This research project investigates the practice of travel in Edo/Tokugawa Japan (1603-1868), particularly in connection with notions of social identity, transformation, and nationhood. Through a theoretical framework that combines Social History and Historical Bibliography, primary sources will be investigated, including commercially “unofficial” and “popular” sources published and distributed, such as travel guides and commercial maps. In the analysis the material will be considered: a) as objects, viewed in the light of the cultural and economical processes that led to their production and circulation, in order to understand the “range” of the ideological impact of travel; and b) in terms of their contents, in order to assess how their “commercialized” narratives reflect popular notions of identity and nationhood. An interdisciplinary approach, based on Travel Studies, Japanese Historiography, and in particularly, World Society Theory, will be implemented to discuss the cultural and social meaningof travel in the context of Tokugawa “absolutism”. Travel tends to be entwined with social mobility, in a way that alters and marks social and cultural landscapes. The project will therefore investigate whether travel within Japan, becoming growingly commonin a context of economic growth, came to subvert the geographical and social immobility that characterized Tokugawa administrative system. Furthermore, the analysis will discuss the relationship between travel and the formation of a national identity, assessing whether the social and ideological transformation connected with travel worked in Japan as a prompt for “proto-national” identification,as opposed to forms of local nationalism.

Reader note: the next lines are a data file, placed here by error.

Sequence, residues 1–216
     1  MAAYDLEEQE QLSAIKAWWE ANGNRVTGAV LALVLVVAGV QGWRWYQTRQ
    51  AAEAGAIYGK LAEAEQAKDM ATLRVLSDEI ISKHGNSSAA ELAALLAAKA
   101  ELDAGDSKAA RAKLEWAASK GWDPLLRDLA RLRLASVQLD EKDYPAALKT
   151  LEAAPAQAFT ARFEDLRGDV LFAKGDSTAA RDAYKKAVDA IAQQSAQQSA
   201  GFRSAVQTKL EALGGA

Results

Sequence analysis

Field of science
- /humanities/history and archaeology/history
Call for proposal
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